The study of the history of Cuba has changed much in the United States during the past three decades. So too has the character of the historiography and the direction of historical research. Thirty years ago in the United States the subject of Cuban history was very much terra incognita. A graduate student's reading list on Cuban historiography during the early 1960s would have found hardly anything beyond the works of Charles E. Chapman, Russell H. Fitzgibbon, David Lockmiller, Irene A. Wright, and Hubert S. Aimes, largely written before 1935, almost all of which were already out of print and of limited value in shedding light on the tumultuous and extraordinary events then occurring in Cuba. Before the decade ended, new names were added to the list, including Robert Freeman Smith and Hugh Thomas, scholars who made important advances in the historiography of Cuba and who were among the first to provide a historical framework through which to understand Cuban events after 1959.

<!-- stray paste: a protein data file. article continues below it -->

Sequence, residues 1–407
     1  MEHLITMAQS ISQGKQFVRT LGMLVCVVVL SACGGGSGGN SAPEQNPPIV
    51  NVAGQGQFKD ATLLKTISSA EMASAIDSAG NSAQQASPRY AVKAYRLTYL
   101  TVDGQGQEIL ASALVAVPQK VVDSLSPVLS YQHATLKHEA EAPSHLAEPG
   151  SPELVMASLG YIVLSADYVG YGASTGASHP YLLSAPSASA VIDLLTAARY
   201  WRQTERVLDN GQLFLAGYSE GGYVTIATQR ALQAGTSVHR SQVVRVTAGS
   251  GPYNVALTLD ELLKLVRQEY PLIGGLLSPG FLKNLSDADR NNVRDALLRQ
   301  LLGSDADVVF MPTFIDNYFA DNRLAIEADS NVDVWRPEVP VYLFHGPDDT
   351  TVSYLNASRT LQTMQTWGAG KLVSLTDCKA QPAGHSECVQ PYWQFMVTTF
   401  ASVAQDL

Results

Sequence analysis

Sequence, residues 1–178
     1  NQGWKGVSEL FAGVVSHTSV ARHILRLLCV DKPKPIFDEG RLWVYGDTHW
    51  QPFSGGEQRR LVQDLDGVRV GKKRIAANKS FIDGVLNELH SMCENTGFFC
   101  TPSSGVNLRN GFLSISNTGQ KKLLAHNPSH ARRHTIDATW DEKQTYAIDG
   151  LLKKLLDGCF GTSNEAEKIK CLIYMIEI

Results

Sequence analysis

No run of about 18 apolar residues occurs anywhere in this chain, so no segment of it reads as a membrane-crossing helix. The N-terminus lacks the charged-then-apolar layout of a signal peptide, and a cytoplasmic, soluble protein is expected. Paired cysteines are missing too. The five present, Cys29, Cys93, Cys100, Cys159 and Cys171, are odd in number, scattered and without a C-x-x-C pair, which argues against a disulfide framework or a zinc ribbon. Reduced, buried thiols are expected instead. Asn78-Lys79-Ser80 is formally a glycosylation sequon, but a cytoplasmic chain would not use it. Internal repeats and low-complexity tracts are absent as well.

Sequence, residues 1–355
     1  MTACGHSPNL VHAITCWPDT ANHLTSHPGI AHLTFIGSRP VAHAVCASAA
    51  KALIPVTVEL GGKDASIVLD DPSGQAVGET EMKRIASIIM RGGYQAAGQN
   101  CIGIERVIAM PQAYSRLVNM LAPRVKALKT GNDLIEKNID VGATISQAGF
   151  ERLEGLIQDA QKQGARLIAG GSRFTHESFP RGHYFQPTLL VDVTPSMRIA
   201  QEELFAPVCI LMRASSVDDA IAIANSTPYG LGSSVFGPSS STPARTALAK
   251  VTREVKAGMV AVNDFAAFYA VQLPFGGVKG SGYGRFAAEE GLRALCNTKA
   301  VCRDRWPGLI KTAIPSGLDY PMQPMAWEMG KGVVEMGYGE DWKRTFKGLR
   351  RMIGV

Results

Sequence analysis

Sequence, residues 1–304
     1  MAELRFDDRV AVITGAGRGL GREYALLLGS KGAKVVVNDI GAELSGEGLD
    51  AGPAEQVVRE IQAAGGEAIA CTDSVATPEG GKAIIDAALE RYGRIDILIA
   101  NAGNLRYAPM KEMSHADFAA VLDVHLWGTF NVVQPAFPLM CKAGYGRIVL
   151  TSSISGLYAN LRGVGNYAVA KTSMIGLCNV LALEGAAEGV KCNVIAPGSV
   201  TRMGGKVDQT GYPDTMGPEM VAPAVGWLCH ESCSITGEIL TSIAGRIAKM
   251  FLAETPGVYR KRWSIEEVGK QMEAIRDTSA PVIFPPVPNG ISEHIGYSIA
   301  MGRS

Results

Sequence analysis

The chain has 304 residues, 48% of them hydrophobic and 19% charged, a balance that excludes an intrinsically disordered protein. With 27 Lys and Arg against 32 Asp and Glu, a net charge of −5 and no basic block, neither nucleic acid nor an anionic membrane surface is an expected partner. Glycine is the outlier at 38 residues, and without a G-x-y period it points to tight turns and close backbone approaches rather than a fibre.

The Cuban revolution set in sharp relief the need to develop a usable history through which to approach an understanding of the Cuban experience. Historiographical concerns of enduring interest to virtually all scholars, issues such as colonialism, slavery, racism, imperialism, and revolution, revealed themselves as part of a historical process with antecedents dating back to the sixteenth century and with implications reaching to the end of the twentieth century. The historical scholarship on Cuba presented a past rich with issues of enormous vitality that